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Effect of noise cancelling audio equipment

  1. Sep 20, 2015 #1
    Noise cancelling earbuds/headphones differ from noise isolating earbuds/headphones. Noise isolation just keeps the sound out, whereas noise cancellation actively produces sound in order to "cancel" noise.


    I understand how this works technologically, however do these sound waves cancel out so that your ears are subjected to reduced decibels? I have tried a friend's pair. When nothing is going on, you hear lots of "static"-like noises. No doubt this is the earbuds trying to cancel ambient sound.

    Anyhow, i'm wondering if this is good for your hearing, and not just for listening to better music. Can the extra sound waves generated actually increase the ambient volume?
     
  2. jcsd
  3. Sep 21, 2015 #2
    Yes, at your ear, it should be less dbm's. Yes, they are cancelled out at the exact spot going into your ear. I lost hearing in one ear working on this stuff, but during actual operation, there are limiters and such to keep it safe. I would use them without worry.
     
  4. Sep 22, 2015 #3
    Yes, depending on the system you might hear an increased "noise floor." But listening with no music in a quiet environment is an unfair test-they are designed for use in noisy places like a plane while listening. I can't imagine problems to your hearing, it should make for less fatigue, BUT again systems vary in their quality.
     
  5. Sep 22, 2015 #4
    Thanks. So what is this "noise floor"? Does this mean the ambient volume my ears truly hear is louder than usual? Suppose I am planning to buy a very good, very expensive set of noise isolating earbuds. Is there science that can verify if these are good for my hearing or bad?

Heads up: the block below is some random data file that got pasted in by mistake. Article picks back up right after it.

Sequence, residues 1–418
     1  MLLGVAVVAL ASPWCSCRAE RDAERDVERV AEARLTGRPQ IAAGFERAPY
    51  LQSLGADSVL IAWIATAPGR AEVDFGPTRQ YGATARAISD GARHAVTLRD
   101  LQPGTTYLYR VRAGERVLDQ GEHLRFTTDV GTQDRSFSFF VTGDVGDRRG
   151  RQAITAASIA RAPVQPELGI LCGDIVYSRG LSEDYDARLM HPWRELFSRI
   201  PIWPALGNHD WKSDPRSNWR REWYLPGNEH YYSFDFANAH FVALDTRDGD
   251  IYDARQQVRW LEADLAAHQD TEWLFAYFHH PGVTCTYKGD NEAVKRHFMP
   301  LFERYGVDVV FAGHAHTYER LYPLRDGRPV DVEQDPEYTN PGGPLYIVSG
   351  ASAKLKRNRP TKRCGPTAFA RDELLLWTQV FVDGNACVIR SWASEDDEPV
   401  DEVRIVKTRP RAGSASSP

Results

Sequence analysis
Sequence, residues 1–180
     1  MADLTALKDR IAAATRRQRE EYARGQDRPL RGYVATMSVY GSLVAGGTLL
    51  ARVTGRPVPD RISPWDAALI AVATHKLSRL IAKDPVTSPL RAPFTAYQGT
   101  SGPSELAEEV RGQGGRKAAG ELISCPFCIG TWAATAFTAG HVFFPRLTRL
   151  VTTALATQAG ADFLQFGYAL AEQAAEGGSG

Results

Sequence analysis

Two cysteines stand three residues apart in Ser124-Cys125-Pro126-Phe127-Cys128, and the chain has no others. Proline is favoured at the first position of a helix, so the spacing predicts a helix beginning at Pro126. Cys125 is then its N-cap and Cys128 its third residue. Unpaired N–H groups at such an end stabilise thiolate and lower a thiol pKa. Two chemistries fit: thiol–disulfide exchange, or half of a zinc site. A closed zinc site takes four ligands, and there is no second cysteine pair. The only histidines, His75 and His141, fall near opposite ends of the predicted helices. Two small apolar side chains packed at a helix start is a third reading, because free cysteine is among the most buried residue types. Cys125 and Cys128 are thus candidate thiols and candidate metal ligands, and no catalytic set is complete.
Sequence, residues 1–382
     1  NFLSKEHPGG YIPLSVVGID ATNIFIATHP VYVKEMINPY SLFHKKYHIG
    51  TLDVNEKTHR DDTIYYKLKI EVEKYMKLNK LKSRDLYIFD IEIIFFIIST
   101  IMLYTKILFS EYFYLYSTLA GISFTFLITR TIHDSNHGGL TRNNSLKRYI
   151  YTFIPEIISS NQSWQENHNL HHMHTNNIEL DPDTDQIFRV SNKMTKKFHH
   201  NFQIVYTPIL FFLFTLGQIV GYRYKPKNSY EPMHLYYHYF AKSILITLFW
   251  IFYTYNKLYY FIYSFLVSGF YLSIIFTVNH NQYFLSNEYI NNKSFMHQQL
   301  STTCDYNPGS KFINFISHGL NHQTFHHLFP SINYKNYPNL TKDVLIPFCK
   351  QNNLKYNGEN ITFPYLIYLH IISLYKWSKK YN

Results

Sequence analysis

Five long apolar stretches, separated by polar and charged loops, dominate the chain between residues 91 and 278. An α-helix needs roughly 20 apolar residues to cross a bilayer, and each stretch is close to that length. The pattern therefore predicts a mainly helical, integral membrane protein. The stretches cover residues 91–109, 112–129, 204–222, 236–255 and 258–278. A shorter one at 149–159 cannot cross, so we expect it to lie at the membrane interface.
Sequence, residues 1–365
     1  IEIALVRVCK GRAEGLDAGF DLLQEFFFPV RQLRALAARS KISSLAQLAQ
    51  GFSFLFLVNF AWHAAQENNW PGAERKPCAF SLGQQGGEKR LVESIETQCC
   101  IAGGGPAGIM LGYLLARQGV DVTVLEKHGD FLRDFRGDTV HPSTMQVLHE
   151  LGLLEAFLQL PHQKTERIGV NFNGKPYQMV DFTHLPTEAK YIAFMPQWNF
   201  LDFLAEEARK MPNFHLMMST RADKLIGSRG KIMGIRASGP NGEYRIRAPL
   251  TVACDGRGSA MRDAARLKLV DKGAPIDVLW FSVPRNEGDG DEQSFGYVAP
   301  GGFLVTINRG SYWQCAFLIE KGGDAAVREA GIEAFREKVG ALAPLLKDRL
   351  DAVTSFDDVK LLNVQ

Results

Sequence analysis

6. Sep 23, 2015 #5

    Borg

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    Noise floor would be a slight background hiss that you might hear from the headphones if you were in a quiet room with no music playing.
     
  7. Sep 23, 2015 #6
    Thanks. But how about the effects of noise cancellation on my ears?
    "Is there science that can verify if these are good for my hearing or bad?" I haven't heard much from people about the actual science of this. Is this "noise floor" or ambient volume actually louder than the non-actively-cancelled ambience?
     
  8. Sep 23, 2015 #7
    I would have though that the most you would experience from using these in a quiet environment is a low volume white noise.
    It seems to me unlikely that this might damage (or for that matter improve) your hearing in any way.
    They aren't doing anything to your biochemistry or nervous system.
     
  9. Sep 23, 2015 #8

    Borg

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    The sound waves cancel each other out which is effectively the same as no sound in the first place. They are good for your hearing as long as you aren't listening to your music loudly. The Wiki article on Noise Cancelling Headphones has more pros and cons. Here is a six page article on the the details - How Noise Cancelling Headphones work.
    Again, the floor noise is very minor. You would have to be in a quiet room with no music playing to even notice it.
     
  10. Sep 23, 2015 #9

    Borg

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    Here's a link on destructive interference. The ultimate goal of noise cancelling headphones is to duplicate the outside noise with a signal that is 180 degrees out of phase and mix it in.
     
  11. Sep 27, 2015 #10
    Thanks. So I'll be planning on buying some noise cancelling earbuds.
     
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